The yuan may get significantly weaker, as analysts predict the Chinese government to stand down from its usual interventionist stance.
Adarsh Sinha, head of Asia Pacific G10 FX strategy at Bank of America Merril Lynch (BofAML) Global Research, expects a 5-10 percent depreciation over the next year, "even though it might be stable over the next few months."
Whenever the country is facing
any economic volatility, "they always keep the currency as flat as a
pancake," he noted.
"The tricky thing for China is that their capital account is gradually opening up, which makes it difficult for them to credibly stabilize the renminbi now."
Further monetary easing is widely expected as part of Beijing's measures to restrain the panic-selling in mainland stocks. Analysts widely agree, that will put the onshore renminbi (CNY) under heavy pressure.
However, if the world's second largest economy wants to gain MSCI status and internationalize the yuan, it cannot keep intervening in currency markets as it's done in the past, analysts say.
Jeremy Stevens, international economist at Standard Bank said in a note that the intervention steps contradict efforts to allow market forces to determine the allocation of resources. "Herein was the first major test of embracing market discipline."
In recent sessions, the onshore currency (CNY) has traded in a narrow range around 6.2 per U.S. dollar but the offshore yuan (CNH), traded outside the
mainland, has hit fresh three-month lows against the greenback this
This signals that the CNH is a more freely floating currency thus it is harder for the People's Bank of China to intervene, in comparison with the onshore yuan.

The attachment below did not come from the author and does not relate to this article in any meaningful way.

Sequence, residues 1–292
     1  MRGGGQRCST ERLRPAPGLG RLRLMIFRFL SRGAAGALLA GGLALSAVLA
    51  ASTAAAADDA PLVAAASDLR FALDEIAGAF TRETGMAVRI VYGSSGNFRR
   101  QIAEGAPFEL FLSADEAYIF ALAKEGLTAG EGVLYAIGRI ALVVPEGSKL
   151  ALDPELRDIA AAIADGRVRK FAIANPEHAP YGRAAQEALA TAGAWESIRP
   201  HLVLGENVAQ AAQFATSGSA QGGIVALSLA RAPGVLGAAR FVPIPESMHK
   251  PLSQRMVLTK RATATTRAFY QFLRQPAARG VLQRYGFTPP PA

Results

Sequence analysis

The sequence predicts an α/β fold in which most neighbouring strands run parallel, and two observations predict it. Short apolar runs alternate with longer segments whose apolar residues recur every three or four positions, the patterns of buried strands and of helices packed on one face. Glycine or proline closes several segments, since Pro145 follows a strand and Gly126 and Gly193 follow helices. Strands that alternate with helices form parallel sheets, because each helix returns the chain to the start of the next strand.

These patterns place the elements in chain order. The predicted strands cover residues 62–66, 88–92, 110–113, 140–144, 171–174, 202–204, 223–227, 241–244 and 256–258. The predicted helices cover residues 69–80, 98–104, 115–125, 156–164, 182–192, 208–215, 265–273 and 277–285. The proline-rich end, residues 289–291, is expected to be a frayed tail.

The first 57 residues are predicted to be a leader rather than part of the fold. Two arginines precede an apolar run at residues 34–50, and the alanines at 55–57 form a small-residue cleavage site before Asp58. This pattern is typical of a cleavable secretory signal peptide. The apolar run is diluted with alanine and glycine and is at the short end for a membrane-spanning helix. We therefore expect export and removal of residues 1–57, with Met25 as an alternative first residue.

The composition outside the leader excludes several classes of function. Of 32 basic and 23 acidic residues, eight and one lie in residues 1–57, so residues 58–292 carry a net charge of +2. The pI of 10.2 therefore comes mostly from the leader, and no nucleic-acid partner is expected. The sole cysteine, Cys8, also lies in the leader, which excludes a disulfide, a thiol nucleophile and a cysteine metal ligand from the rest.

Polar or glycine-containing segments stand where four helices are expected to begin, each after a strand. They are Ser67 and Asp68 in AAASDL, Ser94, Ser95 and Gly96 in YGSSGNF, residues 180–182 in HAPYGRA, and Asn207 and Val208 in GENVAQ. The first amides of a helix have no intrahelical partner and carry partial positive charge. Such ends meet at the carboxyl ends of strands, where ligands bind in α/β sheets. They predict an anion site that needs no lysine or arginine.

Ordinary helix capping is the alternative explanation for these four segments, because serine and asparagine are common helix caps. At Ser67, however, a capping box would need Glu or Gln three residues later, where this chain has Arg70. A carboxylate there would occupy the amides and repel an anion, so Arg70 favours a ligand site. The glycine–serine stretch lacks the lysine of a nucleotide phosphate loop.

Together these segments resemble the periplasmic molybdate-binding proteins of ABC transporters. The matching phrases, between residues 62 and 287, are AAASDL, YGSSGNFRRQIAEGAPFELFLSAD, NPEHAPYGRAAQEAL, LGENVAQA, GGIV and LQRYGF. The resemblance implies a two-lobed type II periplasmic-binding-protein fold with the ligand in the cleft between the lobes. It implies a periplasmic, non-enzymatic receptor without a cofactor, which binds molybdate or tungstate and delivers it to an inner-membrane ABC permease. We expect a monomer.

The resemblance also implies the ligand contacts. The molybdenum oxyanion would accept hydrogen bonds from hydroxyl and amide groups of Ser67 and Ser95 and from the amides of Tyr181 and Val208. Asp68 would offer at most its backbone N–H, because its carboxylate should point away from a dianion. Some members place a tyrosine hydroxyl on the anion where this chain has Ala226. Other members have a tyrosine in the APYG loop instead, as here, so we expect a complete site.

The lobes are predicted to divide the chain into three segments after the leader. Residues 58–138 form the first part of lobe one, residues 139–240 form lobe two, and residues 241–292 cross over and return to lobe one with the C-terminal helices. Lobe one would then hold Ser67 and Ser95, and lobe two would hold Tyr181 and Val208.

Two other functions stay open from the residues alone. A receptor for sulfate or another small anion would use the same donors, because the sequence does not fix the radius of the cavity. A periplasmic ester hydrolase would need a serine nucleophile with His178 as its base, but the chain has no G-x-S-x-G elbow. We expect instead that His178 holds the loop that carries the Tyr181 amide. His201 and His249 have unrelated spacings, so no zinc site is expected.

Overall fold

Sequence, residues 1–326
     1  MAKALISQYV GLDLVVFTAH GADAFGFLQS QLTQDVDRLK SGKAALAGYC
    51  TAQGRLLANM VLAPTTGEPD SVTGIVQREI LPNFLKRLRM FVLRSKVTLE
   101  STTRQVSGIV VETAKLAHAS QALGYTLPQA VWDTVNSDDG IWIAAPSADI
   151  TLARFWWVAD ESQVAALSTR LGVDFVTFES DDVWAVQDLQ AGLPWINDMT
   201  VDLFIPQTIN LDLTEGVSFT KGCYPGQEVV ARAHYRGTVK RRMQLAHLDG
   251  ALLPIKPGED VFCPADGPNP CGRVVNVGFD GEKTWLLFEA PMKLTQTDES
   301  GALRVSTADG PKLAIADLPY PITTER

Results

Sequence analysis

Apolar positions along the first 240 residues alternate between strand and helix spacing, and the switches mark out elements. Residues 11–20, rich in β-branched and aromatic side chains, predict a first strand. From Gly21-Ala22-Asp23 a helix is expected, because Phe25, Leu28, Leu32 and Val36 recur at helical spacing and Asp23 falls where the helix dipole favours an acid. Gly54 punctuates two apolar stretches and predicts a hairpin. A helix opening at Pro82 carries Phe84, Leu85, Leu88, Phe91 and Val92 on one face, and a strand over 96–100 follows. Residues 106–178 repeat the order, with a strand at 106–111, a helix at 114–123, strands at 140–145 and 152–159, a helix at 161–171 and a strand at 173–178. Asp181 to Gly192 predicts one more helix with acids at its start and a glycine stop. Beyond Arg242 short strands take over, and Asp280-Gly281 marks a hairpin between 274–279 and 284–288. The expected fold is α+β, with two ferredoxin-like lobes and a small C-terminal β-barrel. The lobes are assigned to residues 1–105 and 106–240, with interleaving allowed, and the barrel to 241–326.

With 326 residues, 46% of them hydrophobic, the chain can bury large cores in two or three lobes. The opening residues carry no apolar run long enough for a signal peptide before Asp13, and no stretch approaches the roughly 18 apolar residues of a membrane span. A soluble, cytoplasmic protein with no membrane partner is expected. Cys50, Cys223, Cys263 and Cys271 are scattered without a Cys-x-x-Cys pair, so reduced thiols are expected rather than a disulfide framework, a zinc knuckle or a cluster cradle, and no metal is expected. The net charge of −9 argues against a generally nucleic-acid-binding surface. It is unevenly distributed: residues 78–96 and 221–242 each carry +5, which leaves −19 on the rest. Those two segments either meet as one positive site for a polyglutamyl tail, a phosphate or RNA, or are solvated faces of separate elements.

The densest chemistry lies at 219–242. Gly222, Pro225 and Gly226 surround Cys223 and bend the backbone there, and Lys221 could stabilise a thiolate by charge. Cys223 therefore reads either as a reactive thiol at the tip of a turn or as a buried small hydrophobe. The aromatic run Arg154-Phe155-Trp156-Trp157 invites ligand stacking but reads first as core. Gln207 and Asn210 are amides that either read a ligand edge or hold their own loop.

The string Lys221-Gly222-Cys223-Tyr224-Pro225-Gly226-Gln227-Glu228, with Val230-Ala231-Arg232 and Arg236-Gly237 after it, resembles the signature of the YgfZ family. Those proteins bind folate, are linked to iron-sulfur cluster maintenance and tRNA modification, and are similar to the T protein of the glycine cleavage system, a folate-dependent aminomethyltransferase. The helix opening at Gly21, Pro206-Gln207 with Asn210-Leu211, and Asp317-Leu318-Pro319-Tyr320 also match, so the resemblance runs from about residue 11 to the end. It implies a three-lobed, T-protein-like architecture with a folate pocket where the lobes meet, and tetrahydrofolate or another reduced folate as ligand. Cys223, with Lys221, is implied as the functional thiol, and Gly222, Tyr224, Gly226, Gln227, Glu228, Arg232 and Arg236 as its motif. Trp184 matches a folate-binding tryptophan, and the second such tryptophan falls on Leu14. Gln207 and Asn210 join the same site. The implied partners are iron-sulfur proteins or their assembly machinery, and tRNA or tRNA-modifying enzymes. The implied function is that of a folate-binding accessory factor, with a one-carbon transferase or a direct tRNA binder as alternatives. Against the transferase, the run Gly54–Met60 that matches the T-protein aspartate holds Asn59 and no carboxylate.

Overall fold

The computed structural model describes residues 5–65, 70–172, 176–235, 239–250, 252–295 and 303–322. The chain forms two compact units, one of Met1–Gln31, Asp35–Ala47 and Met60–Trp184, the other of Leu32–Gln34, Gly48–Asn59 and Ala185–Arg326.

As for IG analysts, they consider that Beijing is indeed minimizing forex intervention as part of the internalization plan. Meanwhile, there is a speculation about a widening of the currency band to -/+3 percent from 2 percent currently.
IG believes MSCI was right to turn away the A-50's bid to enter its emerging markets index last month, naming Chinese markets "immature" because of Beijing's inability to control market declines through regulation and the PBoC's intervention.
In fact, the negative impact of any currency interventions on domestic liquidity could offset monetary easing, BofAML said, referring to the recent avalanche of criticism towards the government's weighty actions in markets.
Renewed measures to restore confidence were announced on Thursday, with the banking regulator announcing it would allow financial institutions to renegotiate terms regarding lending using stock as collateral. This follows news on Wednesday that holders of more than 5 percent of any China-listed firm have been prohibited to sell any of their stake for half a year.
These moves were shocking for traders, also hurting China's financial liberalization program, especially with the looming decision of the International Monetary Fund on whether to include the yuan in its basket of reserve currencies.
Indeed, analysts now predict market liberalization to be delayed by at least one or two years as a result.
Besides monetary stimulus, the collapse in A-shares could have a contagion effect spreading to the yuan.
BofAML considers that harm could widen far beyond the stock market to assets like the currency, debt and even property, expecting these to get re-priced lower going forward.
"If the market continues to fall sharply, stock lending related losses could run into trillions of renminbi, of which, banks and brokers may have to bear a meaningful share. These potential losses can be especially dangerous to brokers whose capital base is less than 1 trillion renminbi. Even more important, the opaqueness of China's financial system and the lack of clear definition of risk responsibility mean that contagion risk is high, similar to the subprime crisis," BofAML said to CNBC.